2. Secure the network
Secure API interactions
Make sure authorization is required for your devices to use APIs.
Avoid opening network ports unless it is necessary, and for the times you do, ensure maximum security by only allowing authorized IP addresses and using appropriate antimalware software.
Limit the access
To limit the ways attackers can gain access, move the devices that need an Internet connection to a separate network or enable connectivity by access control lists only. Also, give each IoT device a unique signature so that you can always identify what you’re connecting to.
The lack of awareness of all devices present on your network is one of the most widespread IoT security threats. Compose and regularly update the inventory of the IoT devices on your network. You may need to terminate or limit the connection of devices belonging to your employees, service providers, or other parties that don’t need permanent access.
3. Secure the hardware
In all industries, it’s vital to ensure all devices connected to your IoT network can withstand tampering or, at least, make it impossible to miss the attempted attack. This is particularly important for devices at remote locations that remain without supervision for prolonged periods of time.
4. Update the system regularly
Deliver security patches and updates regularly. Make sure the security and development teams share the data about the system’s vulnerabilities and produce updates quickly when the need arises. Also, develop regulations regarding how to handle the data when the system reaches its end of life.
5. Conduct regular penetration testing
None of the Internet of Things security solutions is bulletproof. To avoid getting caught off guard, invite professionals to rigorously test the system your company uses. Penetration testing involves conducting various kinds of attacks on your system, including physical breach, malware, and social engineering, and subsequently reporting and fixing the discovered vulnerabilities.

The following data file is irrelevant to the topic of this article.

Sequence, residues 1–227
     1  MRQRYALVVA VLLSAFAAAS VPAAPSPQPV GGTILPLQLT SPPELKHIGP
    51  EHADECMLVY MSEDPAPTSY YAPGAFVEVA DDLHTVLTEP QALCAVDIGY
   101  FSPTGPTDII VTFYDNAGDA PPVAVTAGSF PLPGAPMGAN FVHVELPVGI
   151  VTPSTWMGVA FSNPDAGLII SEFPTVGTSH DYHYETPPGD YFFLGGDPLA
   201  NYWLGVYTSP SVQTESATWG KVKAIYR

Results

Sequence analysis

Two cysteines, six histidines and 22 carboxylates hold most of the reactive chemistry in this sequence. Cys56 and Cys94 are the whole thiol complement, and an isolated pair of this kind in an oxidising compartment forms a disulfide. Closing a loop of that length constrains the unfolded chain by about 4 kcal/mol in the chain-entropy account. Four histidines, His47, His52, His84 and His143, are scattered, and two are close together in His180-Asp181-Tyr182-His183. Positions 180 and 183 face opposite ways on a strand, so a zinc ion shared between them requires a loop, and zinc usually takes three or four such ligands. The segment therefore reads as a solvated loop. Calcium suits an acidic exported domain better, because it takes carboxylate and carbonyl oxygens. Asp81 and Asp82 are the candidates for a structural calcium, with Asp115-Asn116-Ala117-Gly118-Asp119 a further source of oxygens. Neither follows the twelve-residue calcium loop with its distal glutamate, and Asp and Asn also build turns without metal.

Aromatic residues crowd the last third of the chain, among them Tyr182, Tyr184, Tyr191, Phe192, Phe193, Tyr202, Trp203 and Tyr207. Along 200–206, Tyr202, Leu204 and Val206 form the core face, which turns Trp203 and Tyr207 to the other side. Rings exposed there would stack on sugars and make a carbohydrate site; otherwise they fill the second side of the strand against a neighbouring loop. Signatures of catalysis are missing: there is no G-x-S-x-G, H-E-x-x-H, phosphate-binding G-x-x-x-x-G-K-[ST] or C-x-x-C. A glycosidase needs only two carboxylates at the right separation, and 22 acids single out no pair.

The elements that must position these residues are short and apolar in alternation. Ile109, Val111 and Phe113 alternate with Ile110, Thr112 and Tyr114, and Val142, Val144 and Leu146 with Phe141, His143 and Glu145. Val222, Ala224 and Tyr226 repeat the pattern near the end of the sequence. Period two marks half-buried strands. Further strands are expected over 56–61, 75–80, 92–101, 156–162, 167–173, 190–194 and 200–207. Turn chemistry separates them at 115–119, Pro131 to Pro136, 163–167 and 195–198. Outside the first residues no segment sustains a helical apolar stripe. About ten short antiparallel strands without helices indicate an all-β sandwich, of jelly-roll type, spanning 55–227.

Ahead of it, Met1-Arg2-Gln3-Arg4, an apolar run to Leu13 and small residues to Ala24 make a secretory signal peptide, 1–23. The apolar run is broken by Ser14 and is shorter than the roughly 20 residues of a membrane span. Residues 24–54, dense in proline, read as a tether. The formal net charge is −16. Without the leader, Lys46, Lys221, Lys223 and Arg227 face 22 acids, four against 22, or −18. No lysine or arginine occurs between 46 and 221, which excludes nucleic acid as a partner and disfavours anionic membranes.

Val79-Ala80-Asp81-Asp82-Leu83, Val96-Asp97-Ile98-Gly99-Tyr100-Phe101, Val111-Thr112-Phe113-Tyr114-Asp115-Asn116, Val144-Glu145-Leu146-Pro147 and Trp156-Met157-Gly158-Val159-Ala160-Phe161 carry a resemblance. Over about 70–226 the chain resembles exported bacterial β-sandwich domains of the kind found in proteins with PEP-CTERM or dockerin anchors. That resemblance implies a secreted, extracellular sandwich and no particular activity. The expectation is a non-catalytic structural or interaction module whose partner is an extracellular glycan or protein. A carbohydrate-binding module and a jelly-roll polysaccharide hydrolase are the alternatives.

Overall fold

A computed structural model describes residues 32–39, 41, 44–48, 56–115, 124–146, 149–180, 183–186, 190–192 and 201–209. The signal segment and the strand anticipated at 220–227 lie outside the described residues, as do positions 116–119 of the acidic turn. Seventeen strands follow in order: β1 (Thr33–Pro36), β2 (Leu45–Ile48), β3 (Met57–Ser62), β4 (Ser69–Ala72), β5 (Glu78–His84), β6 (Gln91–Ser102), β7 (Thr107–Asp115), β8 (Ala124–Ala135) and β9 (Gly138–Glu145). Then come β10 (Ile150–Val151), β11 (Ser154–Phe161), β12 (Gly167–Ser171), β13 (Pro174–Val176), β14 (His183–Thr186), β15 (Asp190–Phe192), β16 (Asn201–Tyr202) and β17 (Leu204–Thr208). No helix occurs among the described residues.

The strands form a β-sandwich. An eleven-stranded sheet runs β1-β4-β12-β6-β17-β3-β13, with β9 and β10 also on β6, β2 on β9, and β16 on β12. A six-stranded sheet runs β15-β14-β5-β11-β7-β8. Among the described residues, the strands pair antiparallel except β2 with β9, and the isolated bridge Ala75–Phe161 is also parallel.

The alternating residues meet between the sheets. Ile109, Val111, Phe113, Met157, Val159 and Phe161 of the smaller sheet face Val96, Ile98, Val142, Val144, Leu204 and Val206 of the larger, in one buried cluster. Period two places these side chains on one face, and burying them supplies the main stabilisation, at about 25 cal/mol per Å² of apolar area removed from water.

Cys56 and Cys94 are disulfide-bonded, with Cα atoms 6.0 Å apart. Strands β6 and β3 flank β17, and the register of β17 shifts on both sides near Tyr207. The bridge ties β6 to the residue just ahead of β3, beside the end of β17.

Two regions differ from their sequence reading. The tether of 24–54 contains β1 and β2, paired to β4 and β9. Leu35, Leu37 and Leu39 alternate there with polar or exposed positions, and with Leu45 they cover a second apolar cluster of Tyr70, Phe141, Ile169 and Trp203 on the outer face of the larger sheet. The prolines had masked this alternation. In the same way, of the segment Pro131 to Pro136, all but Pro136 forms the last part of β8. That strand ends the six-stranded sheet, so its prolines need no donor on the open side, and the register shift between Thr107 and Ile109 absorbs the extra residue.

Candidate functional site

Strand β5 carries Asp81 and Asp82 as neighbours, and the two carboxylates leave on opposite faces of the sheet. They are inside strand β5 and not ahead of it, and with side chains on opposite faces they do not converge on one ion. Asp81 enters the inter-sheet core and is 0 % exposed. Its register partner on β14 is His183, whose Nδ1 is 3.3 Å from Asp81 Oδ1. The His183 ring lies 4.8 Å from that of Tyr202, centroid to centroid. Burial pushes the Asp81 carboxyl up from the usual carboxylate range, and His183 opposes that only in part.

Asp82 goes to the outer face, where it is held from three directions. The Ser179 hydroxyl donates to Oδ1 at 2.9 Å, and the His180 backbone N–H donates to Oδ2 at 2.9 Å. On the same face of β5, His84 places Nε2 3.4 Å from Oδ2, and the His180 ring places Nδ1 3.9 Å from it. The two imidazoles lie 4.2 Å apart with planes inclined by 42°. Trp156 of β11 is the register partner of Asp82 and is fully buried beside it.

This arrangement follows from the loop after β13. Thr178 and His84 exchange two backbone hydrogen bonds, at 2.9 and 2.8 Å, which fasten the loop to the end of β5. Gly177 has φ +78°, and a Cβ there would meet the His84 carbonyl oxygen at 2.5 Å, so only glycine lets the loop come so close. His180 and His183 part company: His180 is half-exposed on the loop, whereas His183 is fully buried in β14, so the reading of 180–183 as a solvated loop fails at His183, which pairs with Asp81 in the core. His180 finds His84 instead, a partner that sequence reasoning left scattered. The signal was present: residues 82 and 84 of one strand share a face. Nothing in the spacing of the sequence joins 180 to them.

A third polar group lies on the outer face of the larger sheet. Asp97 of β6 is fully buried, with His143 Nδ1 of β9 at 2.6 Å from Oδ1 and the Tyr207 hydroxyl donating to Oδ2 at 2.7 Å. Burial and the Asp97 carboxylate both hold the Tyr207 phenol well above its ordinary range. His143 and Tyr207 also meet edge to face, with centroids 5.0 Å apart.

6. Educate your employees
Make sure all workers know why IoT security is so critical to your company’s success. Conduct training sessions and explain what cyberattacks are, how hackers tend to carry them out, and what to do in case one occurs. Mock cyberattacks work similarly to fire drills and build resilience, enabling your staff to react calmly and professionally, thus minimizing the damage.
Protecting IoT devices is vital for any enterprise that uses this technology. The Internet of Things is growing rapidly, and it often means that manufacturers rush to release their products with minimal security mechanisms implemented. This can lead to data breaches and severe damage—not only to your enterprise’s finances but, potentially, the health and safety of everyone who uses the system.
Considering, the Internet of Things these days can include anything from corporate vending machines to cars and implantable medical devices – investing in IoT security solutions is vital for businesses.
At Eastern Peak, ensuring the security of your IoT system is always an integral part of our development process. Contact us today to get a free quote and discover how IoT can help your enterprise grow.